Creating Complex Mold Textures with CNC Machining(abs material Marshall)
- source:DAHLER CNC Machining
Benefits of CNC for Mold Texturing
CNC machining offers several advantages for creating detailed mold textures:
Precision: CNC machines can replicate textures and geometries to an extremely high degree of accuracy and consistency. This precision is essential for meeting strict tolerances and quality standards.
Complexity: CNC programming allows for the creation of complex free-form shapes and 3D contours that would be challenging to produce manually. Intricate textures like leather grains, wood patterns, and other organic surfaces can be machined.
Efficiency: CNC automation provides faster production times compared to manual machining. Textures can be rapidly machined across the entire surface of a mold.
Flexibility: With the right CNC programming, a wide range of customizable textures can be produced. Adjustments to the tool path allow textures to be fine-tuned for different applications.
Repeatability: CNC machines excel at executing the same machining operations repeatedly. This ensures each mold cavity has a consistent surface finish.
By leveraging these capabilities, CNC technology expands the design possibilities for mold texturing. Next, we’ll look at some specific texturing techniques made possible with CNC.
Abrasive Flow Machining
Abrasive flow machining (AFM) is a finishing process used to create polished finishes or apply detailed textures to mold surfaces. In AFM, an abrasive medium is forced through the mold cavity under high pressure. As the abrasive flows over the surface, it abrades and burnishes the material.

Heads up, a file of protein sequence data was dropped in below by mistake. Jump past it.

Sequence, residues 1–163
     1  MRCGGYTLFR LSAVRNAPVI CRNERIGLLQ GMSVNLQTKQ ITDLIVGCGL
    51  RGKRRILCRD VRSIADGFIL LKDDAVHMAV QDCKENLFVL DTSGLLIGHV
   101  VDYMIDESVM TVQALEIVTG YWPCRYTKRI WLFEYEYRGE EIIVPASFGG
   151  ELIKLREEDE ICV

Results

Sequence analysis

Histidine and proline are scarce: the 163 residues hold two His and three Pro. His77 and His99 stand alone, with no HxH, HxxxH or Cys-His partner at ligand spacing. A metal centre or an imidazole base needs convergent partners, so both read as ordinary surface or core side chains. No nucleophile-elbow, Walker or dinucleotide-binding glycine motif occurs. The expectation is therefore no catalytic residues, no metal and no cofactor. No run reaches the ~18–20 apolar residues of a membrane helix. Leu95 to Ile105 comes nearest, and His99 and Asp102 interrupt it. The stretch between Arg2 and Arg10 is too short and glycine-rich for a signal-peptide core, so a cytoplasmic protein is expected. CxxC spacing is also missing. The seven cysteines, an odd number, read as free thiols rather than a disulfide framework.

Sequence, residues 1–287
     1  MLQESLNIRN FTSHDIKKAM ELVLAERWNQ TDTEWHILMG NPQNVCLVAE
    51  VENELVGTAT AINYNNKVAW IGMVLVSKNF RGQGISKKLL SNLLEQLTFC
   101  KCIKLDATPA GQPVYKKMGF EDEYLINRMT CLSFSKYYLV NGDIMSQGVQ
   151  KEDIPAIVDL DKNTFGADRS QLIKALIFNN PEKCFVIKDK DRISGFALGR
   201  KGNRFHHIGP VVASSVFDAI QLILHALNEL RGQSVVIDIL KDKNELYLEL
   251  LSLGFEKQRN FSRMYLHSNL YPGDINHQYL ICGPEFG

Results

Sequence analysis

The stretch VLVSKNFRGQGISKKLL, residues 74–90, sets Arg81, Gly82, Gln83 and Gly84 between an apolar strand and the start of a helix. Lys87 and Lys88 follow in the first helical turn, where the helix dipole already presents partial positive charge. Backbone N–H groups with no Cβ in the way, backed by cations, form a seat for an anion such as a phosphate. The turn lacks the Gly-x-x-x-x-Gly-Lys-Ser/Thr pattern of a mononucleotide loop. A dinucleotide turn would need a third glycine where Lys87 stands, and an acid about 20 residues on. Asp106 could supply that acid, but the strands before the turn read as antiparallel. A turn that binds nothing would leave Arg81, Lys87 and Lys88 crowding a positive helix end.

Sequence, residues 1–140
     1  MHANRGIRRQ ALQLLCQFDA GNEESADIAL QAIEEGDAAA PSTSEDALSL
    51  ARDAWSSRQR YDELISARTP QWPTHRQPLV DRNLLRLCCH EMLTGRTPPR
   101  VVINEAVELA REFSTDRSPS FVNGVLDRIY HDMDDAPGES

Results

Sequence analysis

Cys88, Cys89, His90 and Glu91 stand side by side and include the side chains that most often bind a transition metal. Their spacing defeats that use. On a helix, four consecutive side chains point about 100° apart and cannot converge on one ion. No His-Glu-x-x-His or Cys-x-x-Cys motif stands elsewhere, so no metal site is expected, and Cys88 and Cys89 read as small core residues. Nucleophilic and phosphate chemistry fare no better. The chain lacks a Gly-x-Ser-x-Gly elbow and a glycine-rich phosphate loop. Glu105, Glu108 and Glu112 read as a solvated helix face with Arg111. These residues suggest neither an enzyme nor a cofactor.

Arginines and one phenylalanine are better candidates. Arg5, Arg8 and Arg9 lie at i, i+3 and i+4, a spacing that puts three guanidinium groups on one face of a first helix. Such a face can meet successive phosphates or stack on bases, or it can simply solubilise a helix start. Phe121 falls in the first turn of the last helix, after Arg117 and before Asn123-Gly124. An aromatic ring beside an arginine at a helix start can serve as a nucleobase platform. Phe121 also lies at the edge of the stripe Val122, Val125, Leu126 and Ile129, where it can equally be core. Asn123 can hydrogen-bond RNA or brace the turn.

AFM is performed on CNC machining centers outfitted with special AFM tooling. The pressure and flow of the abrasive medium can be precisely controlled with CNC programming. This allows textures ranging from mirror polishes to uniform grit patterns to be produced by adjusting process parameters.
The AFM process can impart mold textures like leather grains, orange peels,Sparkle carpets, etc. that would be difficult to produce through other methods. It can also smooth out tool marks and surface defects left from prior machining operations.
Electrical discharge machining (EDM) uses controlled electrical sparks to erode material from conductive workpieces. There are two main types:
- Wire EDM: A thin wire electrode travels along programmed paths to cut through the workpiece.
- Sinking EDM: A shaped electrode presses into the workpiece surface to create a negative cavity.
Both Wire EDM and sinking EDM can be applied to create mold textures.
Wire EDM can machine grids of tiny holes, slots, grooves, and contours to generate unique textured patterns. The spacing, size, and depth of the features can be varied.
Sinking EDM with textured electrodes can imprint precise shapes and designs into mold surfaces. Electrodes are first machined with the desired texture using CNC milling. They are then used to burn the texture into the mold material through spark erosion.
EDM texturing facilitates intricate details not feasible with mechanical cutting tools. It also avoids forces and stresses on the mold material during machining.
Chemical texturing involves selectively etching the mold surface to produce a defined texture. The process works by masking areas of the mold where texture is not desired. The exposed regions are then immersed in an etchant chemical that attacks the mold material.
Masking methods include photoresist patterning, laser printing, CNC micro-machining, and other techniques. They allow precise control over the areas to be textured. Meanwhile, the etchant parameters can be adjusted to create different depths, shapes, and roughness.